A coalition government comprising the Austrian People's Party and the Austrian Freedom Party*8 was launched in February. The 14 EU member countries accordingly decided to take the following bilateral measures against Austria: refusal to maintain official bilateral relations at the political level with the government of Austria including the Freedom Party; refusal to support Austrian candidates standing for posts in international organizations; and restriction of contact with Austrian ambassadors in EU member countries to the technical level. Subsequently, a neutral "three wise men" group was convened to conduct a study on the human rights situation in Austria, and in response to the conclusions of the study, France, which held the EU Presidency at that time, announced in September that it would lift the measures imposed on Austria.
While the measures were being imposed, there were discussions within the EU over the recognition of infringements of the basic EU values enshrined in the EU treaties, such as democracy and human rights, and an early warning system was introduced in the Treaty of Nice to allow the EU to determine clear risks of serious threats to its basic values with the agreement of more than four-fifths of the EU member countries of the Council.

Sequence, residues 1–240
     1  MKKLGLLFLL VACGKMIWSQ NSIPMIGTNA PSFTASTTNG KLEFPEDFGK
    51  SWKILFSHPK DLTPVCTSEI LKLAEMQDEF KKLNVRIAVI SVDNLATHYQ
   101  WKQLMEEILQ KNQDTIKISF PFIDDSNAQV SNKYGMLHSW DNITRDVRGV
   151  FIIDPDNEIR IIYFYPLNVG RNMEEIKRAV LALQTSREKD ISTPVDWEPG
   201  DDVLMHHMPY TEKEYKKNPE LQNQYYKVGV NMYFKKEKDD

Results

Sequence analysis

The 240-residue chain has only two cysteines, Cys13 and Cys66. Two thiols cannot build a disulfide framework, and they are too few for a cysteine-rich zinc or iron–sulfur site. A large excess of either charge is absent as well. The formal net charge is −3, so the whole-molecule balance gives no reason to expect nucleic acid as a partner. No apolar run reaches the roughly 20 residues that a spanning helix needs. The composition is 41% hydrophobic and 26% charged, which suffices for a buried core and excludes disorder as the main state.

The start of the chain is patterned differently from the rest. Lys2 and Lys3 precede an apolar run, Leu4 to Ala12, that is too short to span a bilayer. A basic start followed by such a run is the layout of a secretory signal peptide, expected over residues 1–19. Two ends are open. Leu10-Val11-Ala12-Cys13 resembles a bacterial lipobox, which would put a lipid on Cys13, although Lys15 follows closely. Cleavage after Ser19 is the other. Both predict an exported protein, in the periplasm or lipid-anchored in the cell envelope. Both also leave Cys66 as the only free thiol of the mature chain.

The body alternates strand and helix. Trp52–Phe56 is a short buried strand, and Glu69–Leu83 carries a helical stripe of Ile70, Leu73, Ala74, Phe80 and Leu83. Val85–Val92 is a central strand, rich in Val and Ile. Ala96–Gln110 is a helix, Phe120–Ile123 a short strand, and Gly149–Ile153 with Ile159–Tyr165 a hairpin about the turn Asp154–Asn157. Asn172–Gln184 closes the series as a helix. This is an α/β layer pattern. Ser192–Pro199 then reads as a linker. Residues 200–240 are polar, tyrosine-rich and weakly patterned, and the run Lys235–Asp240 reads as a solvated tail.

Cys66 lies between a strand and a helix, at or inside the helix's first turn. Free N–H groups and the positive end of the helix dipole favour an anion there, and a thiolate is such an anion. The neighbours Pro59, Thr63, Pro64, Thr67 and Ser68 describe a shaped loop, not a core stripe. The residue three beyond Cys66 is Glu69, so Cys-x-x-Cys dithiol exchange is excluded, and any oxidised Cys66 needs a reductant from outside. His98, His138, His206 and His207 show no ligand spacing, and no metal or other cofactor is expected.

Central and Eastern Europe in 2000, the closing year of the 20th century, made further progress toward democratization and the transition to market economy. In Croatia, presidential elections were held in January 2000 because of the death of President Franjo Tudjman at the end of 1999. The new President, Stjepan Mesic, pledged cooperation with the international community and domestic democratization. In Yugoslavia, federal presidential elections in September tossed out the Milosevic administration, the nationalist policies of which had left Yugoslavia internationally isolated (refer to Chapter I, C-3). In October, Poland re-elected the incumbent President Aleksander Kwasniewski, who is pursuing democratization. Throughout the region, then, political victory went to parties aspiring to democracy and market economy.